Round pen training isn’t only effective with humans being the ones working the horses. According to Australian equitation scientists, even a remote-controlled car can create the same reactions in horses. And for them, this is cause for concern.
"Round pen training is said to rely on a human’s ability to mimic another horse through the trainer’s body language, but our research suggests that this may not be true," said Cathrynne Henshall, MSc candidate and professional trainer, under the supervision of Paul McGreevy, PhD, both researchers at the University of Sydney. "We were able to get similar results from an inanimate object–a toy car–which indicates that this training result relies on applying an aversive stimulus which elicits fear, and then rewarding horses by turning off the frightening stimulus."
Henshall presented the results of her study at the 8th International Society for Equitation Science (ISES) conference, held July 18-20 in Edinburgh, Scotland.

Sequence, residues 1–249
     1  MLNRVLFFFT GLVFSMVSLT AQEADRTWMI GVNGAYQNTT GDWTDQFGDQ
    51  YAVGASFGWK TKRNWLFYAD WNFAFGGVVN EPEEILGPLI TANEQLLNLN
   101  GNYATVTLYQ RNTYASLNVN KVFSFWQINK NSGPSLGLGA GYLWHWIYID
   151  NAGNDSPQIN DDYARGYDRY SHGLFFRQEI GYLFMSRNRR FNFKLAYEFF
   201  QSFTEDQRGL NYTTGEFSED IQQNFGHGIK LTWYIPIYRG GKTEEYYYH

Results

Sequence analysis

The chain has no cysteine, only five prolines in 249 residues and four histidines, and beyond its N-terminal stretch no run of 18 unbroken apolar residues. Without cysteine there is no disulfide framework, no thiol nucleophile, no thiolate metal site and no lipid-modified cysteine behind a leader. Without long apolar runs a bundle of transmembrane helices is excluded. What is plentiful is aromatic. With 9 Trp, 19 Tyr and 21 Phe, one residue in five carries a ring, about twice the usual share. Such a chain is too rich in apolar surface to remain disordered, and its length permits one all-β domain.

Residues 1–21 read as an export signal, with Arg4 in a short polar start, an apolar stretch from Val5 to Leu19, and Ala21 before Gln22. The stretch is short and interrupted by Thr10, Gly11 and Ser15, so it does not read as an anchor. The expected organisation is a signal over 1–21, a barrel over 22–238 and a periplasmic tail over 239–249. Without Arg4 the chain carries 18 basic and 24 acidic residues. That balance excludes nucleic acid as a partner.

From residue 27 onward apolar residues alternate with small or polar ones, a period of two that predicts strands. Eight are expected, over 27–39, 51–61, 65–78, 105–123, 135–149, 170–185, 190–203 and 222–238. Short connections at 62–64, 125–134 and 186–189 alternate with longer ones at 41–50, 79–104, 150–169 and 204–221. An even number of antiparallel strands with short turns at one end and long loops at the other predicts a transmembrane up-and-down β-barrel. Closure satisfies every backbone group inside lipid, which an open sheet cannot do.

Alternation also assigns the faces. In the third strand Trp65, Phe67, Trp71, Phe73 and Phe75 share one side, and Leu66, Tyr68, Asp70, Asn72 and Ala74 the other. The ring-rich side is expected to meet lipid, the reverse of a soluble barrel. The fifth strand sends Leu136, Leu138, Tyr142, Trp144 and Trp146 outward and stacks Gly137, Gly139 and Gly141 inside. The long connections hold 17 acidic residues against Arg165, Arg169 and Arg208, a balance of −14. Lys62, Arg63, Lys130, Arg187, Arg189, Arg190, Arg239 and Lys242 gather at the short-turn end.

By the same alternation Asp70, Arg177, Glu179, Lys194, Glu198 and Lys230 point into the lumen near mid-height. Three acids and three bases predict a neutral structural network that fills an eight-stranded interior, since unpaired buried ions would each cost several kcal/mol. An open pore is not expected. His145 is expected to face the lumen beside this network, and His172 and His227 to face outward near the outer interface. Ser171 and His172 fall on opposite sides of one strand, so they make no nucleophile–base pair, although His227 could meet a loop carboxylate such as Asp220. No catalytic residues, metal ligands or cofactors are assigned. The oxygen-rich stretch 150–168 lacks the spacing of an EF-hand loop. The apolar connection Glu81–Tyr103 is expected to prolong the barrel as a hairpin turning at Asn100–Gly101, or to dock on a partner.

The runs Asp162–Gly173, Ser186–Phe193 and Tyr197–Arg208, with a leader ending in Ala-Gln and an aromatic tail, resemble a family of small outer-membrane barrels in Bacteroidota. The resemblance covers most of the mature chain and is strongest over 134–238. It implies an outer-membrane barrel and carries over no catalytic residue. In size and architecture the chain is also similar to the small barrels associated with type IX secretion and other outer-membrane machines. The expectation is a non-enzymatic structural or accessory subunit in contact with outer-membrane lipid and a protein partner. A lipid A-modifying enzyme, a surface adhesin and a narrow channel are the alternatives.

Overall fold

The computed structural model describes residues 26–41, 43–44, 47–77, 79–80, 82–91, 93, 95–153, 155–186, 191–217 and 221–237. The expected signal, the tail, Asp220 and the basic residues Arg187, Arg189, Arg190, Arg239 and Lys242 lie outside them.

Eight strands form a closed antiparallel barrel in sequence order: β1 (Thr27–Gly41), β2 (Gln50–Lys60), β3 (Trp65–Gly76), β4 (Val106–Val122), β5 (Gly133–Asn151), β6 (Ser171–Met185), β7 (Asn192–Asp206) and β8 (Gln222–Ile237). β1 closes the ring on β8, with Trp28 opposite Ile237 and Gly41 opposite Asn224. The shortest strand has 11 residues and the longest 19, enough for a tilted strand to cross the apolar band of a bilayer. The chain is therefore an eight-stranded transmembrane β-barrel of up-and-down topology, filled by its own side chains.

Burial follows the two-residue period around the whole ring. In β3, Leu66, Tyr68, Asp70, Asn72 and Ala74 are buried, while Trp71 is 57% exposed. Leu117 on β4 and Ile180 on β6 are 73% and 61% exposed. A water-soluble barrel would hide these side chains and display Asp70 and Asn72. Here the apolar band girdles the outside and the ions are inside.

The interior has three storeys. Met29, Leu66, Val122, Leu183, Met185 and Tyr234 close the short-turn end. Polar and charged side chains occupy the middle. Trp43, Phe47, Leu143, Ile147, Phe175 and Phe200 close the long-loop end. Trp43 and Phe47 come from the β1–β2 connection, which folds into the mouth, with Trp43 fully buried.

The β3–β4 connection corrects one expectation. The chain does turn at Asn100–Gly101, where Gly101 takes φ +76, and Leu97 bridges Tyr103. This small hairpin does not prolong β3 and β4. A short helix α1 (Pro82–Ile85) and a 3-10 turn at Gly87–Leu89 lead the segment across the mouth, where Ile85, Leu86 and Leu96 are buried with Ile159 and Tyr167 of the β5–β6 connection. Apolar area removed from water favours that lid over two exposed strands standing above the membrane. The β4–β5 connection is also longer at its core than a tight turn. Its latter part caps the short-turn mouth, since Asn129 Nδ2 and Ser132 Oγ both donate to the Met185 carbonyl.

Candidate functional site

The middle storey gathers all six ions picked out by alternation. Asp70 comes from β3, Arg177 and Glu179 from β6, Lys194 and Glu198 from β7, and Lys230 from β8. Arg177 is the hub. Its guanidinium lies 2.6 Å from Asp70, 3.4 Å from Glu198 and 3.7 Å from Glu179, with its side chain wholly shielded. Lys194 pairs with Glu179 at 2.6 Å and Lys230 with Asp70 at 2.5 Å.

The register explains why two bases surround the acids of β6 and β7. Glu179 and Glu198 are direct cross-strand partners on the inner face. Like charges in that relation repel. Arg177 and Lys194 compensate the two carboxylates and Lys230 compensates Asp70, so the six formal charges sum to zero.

In other words, it’s scaring the horses and then removing the frightening stimulus when they behave the way we want, through simple negative reinforcement, she said.
Henshall and her Italian co-researcher Barbara Padalino, PhD, of the University of Bari Veterinary School, taught 11 horses and ponies to follow a remote-controlled car. ("Most horses trained with ‘join-up’ (a commonly used round-pen training technique) already know how to follow a human when they are led," Henshall explained.) The horses were trained using positive reinforcement, meaning they were given food as a reward for following the car.